Last week on govpro.com I discussed how the public sector is under an increasing pressure to turn big data into actionable insights. This data includes traffic, planning and development, census and population, crime and fraud intelligence, energy consumption, smart grid optimization, and more. The big issue, however, is that scientists, researchers and domain experts inside government agencies are under increasing pressure to find insights from complex data with less resources and limited technology. Moreover, a crucial issue is that the methods existing today are hypothesis-based and require persons to ask the right questions in order to find answers to our nation’s most pressing problems.
During my tenures at NSF and DARPA, I experienced this first hand. But in the late 1990’s, it occurred to me that a branch of mathematics now called Topological Data Analysis (TDA) might be useful to look at data in a completely new way. Topology is the study of shape, and its properties allow us to extract meaning from shape to better understand what’s hidden in data. At Ayasdi, TDA is a core component of our machine-learning platform allowing us to automatically discover patterns and anomalies in complex data without asking questions. More importantly, today, TDA is proving to be a useful method transforming the way that that government agencies find insights in complex data leading to outcomes that have measurable impact.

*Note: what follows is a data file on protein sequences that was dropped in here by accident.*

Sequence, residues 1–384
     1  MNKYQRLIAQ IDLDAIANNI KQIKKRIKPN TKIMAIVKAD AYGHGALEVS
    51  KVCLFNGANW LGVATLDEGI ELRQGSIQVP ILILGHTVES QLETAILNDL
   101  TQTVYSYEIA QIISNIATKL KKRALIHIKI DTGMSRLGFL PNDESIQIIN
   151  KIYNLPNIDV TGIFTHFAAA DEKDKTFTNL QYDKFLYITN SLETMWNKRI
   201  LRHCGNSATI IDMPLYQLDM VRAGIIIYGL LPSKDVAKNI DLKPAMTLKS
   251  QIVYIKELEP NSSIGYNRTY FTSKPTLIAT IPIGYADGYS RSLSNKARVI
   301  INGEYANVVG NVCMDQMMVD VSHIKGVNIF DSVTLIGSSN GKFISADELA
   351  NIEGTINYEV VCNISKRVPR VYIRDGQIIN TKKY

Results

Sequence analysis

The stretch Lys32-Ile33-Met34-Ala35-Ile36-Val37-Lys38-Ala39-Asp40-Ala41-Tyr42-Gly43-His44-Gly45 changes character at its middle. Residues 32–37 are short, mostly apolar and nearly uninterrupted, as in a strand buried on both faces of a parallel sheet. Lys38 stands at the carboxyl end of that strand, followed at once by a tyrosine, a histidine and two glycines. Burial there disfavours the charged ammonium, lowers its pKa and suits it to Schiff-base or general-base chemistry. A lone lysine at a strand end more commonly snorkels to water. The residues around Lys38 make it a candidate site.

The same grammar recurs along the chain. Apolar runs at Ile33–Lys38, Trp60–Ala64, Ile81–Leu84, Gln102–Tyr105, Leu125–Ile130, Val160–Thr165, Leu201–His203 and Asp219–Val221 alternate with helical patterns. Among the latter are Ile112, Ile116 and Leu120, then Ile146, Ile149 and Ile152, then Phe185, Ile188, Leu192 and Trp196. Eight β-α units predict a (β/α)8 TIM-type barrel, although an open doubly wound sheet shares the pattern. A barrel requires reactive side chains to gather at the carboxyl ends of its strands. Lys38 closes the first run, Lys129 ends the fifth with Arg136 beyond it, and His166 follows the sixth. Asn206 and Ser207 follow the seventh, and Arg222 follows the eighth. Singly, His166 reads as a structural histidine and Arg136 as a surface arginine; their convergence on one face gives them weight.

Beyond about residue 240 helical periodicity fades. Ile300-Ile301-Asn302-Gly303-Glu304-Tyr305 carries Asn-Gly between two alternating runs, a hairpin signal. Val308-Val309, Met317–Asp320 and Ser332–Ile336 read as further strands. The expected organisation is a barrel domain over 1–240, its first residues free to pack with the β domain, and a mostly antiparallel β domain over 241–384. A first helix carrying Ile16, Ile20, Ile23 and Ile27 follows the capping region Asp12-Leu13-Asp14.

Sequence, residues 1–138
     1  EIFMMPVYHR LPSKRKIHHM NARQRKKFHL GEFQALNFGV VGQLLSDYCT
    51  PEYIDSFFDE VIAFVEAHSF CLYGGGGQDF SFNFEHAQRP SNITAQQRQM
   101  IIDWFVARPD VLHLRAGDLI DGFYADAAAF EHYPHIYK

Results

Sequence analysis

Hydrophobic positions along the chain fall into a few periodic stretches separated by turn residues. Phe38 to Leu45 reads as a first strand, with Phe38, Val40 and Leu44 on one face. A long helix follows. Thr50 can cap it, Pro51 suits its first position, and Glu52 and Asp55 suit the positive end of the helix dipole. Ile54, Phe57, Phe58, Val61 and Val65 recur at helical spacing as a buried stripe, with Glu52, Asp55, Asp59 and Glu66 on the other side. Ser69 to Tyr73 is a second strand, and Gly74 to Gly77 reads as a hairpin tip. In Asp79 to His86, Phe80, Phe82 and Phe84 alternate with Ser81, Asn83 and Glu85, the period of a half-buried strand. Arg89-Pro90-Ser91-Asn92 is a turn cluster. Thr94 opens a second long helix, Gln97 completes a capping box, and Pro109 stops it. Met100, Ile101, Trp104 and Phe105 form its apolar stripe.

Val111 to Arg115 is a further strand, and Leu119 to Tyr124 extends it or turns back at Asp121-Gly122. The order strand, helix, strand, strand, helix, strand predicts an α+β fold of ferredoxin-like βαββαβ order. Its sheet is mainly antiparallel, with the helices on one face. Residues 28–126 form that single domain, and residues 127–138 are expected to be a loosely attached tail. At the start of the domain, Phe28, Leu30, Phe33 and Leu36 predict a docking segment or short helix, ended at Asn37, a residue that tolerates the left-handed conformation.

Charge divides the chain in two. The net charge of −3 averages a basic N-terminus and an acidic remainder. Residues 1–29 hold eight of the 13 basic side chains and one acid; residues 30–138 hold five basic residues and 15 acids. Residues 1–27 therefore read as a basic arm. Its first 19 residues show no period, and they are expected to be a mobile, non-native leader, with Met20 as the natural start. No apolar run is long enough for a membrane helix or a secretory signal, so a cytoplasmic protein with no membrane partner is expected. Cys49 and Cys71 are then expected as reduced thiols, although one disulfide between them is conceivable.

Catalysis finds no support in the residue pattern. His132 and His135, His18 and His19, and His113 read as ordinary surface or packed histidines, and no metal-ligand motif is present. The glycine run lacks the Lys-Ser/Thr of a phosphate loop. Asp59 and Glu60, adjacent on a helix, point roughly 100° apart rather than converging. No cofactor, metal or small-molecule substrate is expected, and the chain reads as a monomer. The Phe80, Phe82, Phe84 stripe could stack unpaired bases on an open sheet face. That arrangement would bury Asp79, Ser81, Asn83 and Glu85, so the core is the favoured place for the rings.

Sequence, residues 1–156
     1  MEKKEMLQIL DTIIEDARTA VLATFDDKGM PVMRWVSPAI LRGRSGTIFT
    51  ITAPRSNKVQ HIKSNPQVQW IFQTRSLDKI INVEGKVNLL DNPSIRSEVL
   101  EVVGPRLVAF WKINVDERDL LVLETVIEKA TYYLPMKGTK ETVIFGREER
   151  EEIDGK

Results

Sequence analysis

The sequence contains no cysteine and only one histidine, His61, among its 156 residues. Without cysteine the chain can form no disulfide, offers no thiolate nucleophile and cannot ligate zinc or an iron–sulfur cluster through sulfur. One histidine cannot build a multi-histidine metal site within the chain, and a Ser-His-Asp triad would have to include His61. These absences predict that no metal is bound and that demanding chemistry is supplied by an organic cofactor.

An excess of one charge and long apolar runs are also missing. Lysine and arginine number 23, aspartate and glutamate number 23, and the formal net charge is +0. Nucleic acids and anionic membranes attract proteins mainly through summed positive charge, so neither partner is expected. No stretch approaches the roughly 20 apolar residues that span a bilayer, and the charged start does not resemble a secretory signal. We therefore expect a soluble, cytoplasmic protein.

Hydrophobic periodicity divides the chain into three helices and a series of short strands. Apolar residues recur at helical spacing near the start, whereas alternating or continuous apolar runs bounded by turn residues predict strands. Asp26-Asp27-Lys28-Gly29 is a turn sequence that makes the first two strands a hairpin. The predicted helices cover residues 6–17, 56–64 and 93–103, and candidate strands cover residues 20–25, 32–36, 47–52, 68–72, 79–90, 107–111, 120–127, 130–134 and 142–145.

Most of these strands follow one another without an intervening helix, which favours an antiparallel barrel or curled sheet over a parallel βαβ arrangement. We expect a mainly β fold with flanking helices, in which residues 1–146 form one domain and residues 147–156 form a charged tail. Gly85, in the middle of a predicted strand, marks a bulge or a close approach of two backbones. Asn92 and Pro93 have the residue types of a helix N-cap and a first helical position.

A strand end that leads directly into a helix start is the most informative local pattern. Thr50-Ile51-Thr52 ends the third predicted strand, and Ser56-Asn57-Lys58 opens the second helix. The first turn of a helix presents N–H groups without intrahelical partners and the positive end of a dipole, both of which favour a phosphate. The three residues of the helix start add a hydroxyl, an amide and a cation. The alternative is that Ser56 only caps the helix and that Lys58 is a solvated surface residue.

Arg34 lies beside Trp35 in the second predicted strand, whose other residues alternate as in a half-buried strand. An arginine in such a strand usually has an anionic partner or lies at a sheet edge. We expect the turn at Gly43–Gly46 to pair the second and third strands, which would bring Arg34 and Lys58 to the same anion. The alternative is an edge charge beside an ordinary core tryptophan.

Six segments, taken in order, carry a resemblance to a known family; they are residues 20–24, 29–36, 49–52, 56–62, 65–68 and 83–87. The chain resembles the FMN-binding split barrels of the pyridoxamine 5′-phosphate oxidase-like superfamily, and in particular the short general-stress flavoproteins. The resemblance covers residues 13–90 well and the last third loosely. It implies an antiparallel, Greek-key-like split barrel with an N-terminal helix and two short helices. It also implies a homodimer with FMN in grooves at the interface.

To learn more about TDA check out the video below of Ayasdi Co-Founder and Stanford Professor of Mathematics Gunnar Carlson.